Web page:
umu.sePublications
Change search
Link to record
Permanent link

Direct link
BETA
Pietilä, Tom
Publications (10 of 10) Show all publications
Högström, G., Pietilä, T., Nordström, P. & Nordström, A. (2012). Body composition and performance: influence of sport and gender among adolescents. Journal of Strength and Conditioning Research, 26(7), 1799-1804
Open this publication in new window or tab >>Body composition and performance: influence of sport and gender among adolescents
2012 (English)In: Journal of Strength and Conditioning Research, ISSN 1064-8011, E-ISSN 1533-4287, Vol. 26, no 7, p. 1799-1804Article in journal (Refereed) Published
Abstract [en]

Body composition is well known to be associated with endurance performance amongst adult skiers, however the association among adolescent cross-country and alpine skiers is inadequately explored. The study sample was comprised of 145 male and female adolescent subjects (aged 15-17 years), including 48 cross-country skiers, 33 alpine skiers, and 68 control subjects. Body composition [%body fat, %lean mass, bone mineral density (g/cm2)] was measured with a dual-emission X-ray absorptiometer, and pulse and oxygen uptake were measured at three break points during incremental performance tests to determine physical fitness levels. Female cross-country and alpine skiers were found to have significantly higher %lean mass (mean difference = 7.7%, p < 0.001) and lower %body fat (mean difference = (8.1%, p < 0.001) than female control subjects. Male cross-country skiers were found to have lower %body fat (mean difference = 3.2%, p < 0.05) and higher %lean mass (mean difference = 3.3%, p < 0.01) than male alpine skiers and higher % lean mass (mean difference = 3.7%, p < 0.05) and % body fat (mean difference = 3.2%, p < 0.05) than controls. The present study found strong associations between %lean mass and the OBLA and VO2 max weight adjusted thresholds among both genders of the cross-country skiing cohort (r = 0.47-0.67, p < 0.05) and the female alpine skiing cohort (r = 0.77-0.79, p < 0.001 for all). The present study suggests that body composition is associated with physical performance already in adolescent athletes.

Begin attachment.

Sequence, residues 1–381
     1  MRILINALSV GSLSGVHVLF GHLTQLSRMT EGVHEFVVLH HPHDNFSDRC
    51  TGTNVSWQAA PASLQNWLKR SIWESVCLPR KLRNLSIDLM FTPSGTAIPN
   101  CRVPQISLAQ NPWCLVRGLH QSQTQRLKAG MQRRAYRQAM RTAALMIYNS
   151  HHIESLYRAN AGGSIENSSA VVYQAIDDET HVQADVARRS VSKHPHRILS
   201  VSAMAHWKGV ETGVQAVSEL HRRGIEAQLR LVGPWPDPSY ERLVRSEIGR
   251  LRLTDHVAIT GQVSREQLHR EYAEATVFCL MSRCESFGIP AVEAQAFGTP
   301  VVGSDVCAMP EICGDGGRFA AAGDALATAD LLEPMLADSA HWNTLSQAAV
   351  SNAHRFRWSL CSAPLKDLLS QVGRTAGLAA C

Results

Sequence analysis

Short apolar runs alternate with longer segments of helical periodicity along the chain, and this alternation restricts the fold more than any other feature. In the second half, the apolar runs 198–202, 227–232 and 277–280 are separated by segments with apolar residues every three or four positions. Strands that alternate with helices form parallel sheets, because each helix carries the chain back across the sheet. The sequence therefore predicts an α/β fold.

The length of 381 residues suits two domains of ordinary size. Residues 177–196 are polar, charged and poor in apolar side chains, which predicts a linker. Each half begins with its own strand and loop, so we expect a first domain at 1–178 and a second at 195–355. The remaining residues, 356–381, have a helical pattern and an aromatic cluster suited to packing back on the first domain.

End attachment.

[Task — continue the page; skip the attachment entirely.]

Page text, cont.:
Place, publisher, year, edition, pages
Lippincott Williams & Wilkins, 2012
Keywords
bone mineral density, mussle mass, fat mass, gender
National Category
Sport and Fitness Sciences Physiotherapy Surgery Geriatrics Nursing
Identifiers
urn:nbn:se:umu:diva-55444 (URN)10.1519/JSC.0b013e318237e8da (DOI)
Available from: 2012-05-15 Created: 2012-05-15 Last updated: 2018-06-08Bibliographically approved
Söderman, K., Pietilä, T., Alfredson, H. & Werner, S. (2002). Anterior cruciate ligament injuries in young females playing soccer at senior levels.. Scandinavian Journal of Medicine and Science in Sports, 12(2), 65-68
Open this publication in new window or tab >>Anterior cruciate ligament injuries in young females playing soccer at senior levels.
2002 (English)In: Scandinavian Journal of Medicine and Science in Sports, ISSN 0905-7188, E-ISSN 1600-0838, Vol. 12, no 2, p. 65-68Article in journal (Refereed) Published
Abstract [en]